Monday, February 02, 2009

Pride Is... What?

Stand tall, don't you fall.
Oh, for God's sake don't go and do something foolish.
All you're feeling right now, is silly human pride

(Lyrics from "Stand Tall" by Burton Cummings)

OK, I don't have this song in my iPod library. I don't actually like this song. I find it kind of corporate-marketing-meeting cheesy. That of course is just my opinion (I don't have any Bruce Springsteen songs in my collection, either...). But there's something in the verse about the "silly human pride" that's worth a look. A careful look.

What does the word "pride" mean, anyway? I'll bet if you took a person-on-the-street poll, you would get answers like: "Someone who can't say she's sorry." And that would be correct. Or, "Someone who can't accept help." And that would be correct. This is probably the popular, normative understanding of the word. But as it relates to what God finds upsetting in the spirit of the creature, is there more to the story? Have we taken a truly reviling and ignoble human quality... a mortal fault... and turned it culturally into a kind of euphemism? Narrowly defining it such a way that we miss the point of what it is that leads God to allow for sometimes painful correction in our lives?

Pride goes before destruction, and a haughty spirit before a fall. (Proverbs 16:18)

I was trying to sketch out a kind of "trajectory" of what precipitated some legendary "falls" in the Bible. To see if there is a pattern of some sort. I looked at Satan (who was of the highest angelic order before he fell), Moses (who had a top job but wrestled with "people" issues), David (who defied God and counted his men and also sinned with Bathsheba), Solomon (who amassed a fortune and turned his affections to pagan women). There are lots of other falls, of course, but here we have a sample for illustrative purposes. All those mentioned got to the top of something. Is it possible that, like a dripping faucet, there was something "leaky" in the ascent that created a heart condition that led them to sin and, ultimately, fall? Could we call it selfishness? And is this selfishness a manifestation of pride?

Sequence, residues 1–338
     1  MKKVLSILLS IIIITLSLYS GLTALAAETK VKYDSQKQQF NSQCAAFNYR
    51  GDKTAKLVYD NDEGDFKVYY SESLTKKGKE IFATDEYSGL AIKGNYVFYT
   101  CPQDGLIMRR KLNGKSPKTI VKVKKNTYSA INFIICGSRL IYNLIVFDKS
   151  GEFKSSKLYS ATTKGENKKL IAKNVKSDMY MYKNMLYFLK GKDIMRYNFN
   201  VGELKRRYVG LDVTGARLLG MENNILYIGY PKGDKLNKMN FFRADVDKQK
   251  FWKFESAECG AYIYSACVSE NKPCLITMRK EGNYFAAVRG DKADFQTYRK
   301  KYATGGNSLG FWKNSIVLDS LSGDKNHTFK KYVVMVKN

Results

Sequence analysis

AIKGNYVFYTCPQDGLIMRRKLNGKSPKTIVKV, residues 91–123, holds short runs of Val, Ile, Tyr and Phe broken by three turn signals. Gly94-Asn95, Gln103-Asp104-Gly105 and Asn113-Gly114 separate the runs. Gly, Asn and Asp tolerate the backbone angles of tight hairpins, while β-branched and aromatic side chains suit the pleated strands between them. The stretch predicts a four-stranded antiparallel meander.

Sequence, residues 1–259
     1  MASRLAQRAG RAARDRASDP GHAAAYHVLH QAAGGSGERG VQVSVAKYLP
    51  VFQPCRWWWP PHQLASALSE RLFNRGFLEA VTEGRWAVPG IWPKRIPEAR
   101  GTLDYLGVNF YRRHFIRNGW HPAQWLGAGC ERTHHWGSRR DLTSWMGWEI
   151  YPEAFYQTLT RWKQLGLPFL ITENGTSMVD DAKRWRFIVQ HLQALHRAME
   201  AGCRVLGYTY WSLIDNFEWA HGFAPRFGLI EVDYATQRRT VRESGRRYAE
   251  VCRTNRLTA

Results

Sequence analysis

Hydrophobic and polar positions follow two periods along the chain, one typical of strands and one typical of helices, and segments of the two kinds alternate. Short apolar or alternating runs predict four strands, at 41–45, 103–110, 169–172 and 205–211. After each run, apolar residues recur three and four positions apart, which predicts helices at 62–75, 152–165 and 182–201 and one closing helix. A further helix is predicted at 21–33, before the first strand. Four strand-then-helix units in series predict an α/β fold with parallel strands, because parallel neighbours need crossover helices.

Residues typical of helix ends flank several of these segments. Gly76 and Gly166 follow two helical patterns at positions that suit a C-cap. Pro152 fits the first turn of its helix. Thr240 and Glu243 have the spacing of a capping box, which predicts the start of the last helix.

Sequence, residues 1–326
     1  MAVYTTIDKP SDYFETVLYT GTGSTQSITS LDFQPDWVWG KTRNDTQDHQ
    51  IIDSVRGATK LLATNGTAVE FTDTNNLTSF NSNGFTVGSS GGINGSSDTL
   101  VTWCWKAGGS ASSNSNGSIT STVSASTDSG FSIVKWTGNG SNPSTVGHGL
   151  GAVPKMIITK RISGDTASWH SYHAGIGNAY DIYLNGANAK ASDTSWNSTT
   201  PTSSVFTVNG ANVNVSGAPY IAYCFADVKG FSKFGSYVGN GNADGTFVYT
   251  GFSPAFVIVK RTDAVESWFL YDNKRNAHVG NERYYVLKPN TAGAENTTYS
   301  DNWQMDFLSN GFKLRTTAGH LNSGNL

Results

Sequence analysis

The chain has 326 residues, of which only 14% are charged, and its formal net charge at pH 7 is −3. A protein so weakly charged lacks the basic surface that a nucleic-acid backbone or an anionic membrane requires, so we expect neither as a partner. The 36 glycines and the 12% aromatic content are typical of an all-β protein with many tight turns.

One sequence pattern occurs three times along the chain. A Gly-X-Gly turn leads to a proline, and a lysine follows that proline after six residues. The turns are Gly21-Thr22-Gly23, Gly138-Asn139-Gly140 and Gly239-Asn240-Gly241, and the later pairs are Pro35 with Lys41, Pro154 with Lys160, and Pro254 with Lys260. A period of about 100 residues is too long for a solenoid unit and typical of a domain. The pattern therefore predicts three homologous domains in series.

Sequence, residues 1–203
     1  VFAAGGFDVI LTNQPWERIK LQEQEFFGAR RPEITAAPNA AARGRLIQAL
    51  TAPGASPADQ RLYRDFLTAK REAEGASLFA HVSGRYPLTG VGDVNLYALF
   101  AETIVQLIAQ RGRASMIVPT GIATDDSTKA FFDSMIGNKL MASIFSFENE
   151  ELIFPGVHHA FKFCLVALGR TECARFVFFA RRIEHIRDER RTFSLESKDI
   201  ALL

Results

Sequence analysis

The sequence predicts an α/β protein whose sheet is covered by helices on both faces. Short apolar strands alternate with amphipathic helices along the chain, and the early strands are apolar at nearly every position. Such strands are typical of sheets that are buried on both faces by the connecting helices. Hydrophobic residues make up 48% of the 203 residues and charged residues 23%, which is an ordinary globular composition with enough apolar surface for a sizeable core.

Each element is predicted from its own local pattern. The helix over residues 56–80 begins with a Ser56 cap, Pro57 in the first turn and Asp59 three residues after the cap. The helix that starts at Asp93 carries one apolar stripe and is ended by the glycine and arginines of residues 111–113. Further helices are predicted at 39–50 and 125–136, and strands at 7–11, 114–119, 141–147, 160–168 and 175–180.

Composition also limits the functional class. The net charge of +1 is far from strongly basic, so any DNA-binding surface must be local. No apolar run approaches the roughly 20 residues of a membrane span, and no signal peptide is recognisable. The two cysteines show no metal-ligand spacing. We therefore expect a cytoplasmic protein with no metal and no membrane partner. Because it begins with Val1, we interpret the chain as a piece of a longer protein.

Pride: noun (from

1. a high or inordinate opinion of one's own dignity, importance, merit, or superiority, whether as cherished in the mind or as displayed in bearing, conduct, etc

Larry Crabb wrote an illuminating book called Inside Out that deals with the perils of living our lives fixated on self. And it's popular to assail the problem with "pride" in our Christian walk. "That's a pride thing," we say somewhat knowingly. But, more and more, I wonder if I really have a clue as to how this pride really manifests. And so long as culture has me thinking it's a "silly" or narrowly defined she-won't-accept-my-offer-of-meatloaf issue, am I inclinced to properly deal with it? I'm beginning to wonder if I have a clue as to what pride really looks like... and that's, uh, scary.

Question: What does pride look like in your life?

On my iPod... _____________. Having a new music deficit!


kreider said...


Sarah Onderdonk said...

i still remember a rolling stone review of his first album: "he sounds like he's singing with a hamburger in his mouth."

hey, i'm signed up for soteriology next semester!